Creativity, Inc. – Ed Catmull, Amy Wallace Book Summary

Creativity, Inc. – Ed Catmull, Amy Wallace | Free Book Summary

Creativity, Inc. – Ed Catmull, Amy Wallace

Failure isn’t a necessary evil. In fact, it isn’t evil at all. It is a necessary consequence of doing something new

What’s more important? People, or Ideas?

Is having the right people with you more important than having the right idea? 

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According to Ed Catmull (the President and Co-Founder of Pixar Studios), having the right people gives you the edge. 

If you give a good idea to a mediocre team, they will screw it up. 

If you give a mediocre idea to a brilliant team, they will either fix it or throw it away and come up with something better.Free book, podcast summaries

Getting the right people and the right chemistry is more important than getting the right idea.

Hire inspired people, then give them good ideas. Never try to reverse the process.

Risk Taking: Individual or A Team’s Effort?

Not being surprised by failure when it happens, the people at Pixar acknowledge it up front. They greet it right at the door. By accepting that mistakes are just part of the deal, they can design their processes to be iterative, meaning they can weed out the mistakes they find with the next project and not repeat them again.

Dealing with Failure

At Pixar, mistakes are never made by individuals, only by teams. When failure happens, the entire team is responsible.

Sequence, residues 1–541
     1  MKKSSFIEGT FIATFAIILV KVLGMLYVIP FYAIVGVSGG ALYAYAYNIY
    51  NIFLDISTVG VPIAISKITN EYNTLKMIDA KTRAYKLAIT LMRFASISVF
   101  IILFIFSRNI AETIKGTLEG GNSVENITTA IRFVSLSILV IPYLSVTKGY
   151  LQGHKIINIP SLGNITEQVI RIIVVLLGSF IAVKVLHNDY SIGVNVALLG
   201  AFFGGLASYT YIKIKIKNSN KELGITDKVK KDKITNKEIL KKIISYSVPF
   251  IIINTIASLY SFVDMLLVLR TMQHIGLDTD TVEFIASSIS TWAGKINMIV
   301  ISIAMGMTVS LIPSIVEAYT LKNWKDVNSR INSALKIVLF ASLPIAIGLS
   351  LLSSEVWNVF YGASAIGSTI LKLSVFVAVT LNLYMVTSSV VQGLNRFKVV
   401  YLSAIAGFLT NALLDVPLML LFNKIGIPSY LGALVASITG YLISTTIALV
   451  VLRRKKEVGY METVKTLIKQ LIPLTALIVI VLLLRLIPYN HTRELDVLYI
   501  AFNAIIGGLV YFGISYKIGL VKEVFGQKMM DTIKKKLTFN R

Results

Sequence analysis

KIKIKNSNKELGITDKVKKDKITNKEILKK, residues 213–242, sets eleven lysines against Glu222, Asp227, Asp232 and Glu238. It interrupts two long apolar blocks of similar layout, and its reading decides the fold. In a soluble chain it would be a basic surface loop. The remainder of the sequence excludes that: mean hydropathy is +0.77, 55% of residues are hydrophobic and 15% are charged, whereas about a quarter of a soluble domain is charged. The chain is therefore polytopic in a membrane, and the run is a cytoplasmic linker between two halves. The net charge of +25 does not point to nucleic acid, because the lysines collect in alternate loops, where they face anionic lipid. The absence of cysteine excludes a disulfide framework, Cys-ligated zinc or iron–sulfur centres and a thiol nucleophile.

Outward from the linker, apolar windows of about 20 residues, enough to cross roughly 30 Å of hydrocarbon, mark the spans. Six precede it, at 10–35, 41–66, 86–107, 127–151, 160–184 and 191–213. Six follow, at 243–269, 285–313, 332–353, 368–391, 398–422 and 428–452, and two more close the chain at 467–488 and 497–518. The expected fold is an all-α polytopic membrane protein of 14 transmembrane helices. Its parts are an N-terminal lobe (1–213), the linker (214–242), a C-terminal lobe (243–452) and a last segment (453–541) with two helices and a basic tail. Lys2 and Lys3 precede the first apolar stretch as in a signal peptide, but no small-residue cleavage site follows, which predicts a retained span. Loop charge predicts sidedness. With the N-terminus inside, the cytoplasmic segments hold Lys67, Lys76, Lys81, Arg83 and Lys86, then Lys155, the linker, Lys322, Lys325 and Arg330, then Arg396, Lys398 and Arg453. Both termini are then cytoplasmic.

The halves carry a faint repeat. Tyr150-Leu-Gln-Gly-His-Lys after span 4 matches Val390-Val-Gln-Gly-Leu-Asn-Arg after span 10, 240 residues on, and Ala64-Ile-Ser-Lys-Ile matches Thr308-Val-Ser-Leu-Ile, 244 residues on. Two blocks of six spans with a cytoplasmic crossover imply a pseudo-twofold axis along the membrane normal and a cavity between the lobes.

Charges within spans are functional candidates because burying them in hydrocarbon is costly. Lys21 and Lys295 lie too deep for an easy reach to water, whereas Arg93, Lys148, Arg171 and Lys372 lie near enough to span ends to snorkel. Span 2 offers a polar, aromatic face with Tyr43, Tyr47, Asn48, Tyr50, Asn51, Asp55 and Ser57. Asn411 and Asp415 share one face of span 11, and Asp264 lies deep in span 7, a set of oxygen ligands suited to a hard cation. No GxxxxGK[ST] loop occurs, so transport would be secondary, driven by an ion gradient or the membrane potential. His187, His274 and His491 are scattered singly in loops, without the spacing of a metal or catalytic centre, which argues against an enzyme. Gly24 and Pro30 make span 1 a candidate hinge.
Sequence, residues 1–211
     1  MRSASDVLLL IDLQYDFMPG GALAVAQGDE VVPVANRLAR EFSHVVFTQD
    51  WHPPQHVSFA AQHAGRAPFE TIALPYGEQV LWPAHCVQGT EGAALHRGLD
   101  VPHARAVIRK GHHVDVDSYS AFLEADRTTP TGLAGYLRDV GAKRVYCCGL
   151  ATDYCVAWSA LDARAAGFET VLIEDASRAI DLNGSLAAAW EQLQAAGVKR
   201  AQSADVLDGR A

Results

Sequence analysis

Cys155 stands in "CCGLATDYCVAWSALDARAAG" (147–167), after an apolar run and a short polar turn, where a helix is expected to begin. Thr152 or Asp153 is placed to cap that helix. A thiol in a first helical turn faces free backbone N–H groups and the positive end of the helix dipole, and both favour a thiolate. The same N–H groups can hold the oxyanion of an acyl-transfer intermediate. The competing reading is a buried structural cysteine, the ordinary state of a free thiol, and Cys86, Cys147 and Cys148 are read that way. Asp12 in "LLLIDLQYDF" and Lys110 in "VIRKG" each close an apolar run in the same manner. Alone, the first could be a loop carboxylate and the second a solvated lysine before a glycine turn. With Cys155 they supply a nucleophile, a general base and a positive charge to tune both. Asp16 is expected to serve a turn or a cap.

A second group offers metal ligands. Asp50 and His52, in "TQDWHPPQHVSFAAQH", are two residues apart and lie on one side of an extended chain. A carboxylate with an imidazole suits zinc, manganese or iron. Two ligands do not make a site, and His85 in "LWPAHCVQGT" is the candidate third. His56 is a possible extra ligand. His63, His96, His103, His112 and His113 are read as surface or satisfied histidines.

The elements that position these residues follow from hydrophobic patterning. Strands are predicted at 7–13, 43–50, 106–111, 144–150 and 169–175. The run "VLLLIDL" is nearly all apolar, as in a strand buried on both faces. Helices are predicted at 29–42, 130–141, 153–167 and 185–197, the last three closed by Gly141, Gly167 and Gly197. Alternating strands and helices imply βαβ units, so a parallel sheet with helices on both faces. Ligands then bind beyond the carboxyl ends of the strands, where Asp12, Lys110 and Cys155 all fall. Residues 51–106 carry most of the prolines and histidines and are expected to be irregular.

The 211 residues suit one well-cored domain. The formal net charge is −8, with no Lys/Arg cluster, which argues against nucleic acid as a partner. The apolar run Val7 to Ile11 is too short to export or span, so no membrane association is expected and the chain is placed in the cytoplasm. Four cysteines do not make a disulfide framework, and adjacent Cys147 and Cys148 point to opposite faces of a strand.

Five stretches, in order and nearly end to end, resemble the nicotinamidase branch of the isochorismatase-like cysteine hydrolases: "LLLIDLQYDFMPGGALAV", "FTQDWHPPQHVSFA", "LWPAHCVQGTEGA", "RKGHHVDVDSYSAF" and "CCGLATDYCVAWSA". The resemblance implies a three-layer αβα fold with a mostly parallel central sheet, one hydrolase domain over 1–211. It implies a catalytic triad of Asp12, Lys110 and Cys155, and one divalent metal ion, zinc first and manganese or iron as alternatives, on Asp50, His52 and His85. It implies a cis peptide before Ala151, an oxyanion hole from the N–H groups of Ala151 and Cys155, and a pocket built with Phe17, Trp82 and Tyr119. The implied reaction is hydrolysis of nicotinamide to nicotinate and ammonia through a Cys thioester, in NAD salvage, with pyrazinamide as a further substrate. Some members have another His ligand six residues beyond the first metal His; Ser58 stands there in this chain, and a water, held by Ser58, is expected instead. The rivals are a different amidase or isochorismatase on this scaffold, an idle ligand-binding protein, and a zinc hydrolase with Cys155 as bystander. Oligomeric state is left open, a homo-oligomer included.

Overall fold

Failure-sharing is exactly that. When everyone feels safe to take risks, do you have an environment where everyone can have the courage to be creative?

It’s not the manager’s job to prevent risks. It’s the manager’s job to make it safe for others to take them.

Creativity, an antonym for boredom?

  • There’s one thing you should definitely hand over before you enter your building, and that’s boredom.
  • Let everyone design their own workspace to keep boredom out of your building.
  • Creativity is about embracing that people are different; that’s how it happens in the first place, so you should encourage your employees to show who they are by letting them design their own workspace.
  • Let everyone work according to their own style, whether that’s remote or in-house, in the morning or at night, more alone or more in teams. Focus on the results, not the design.

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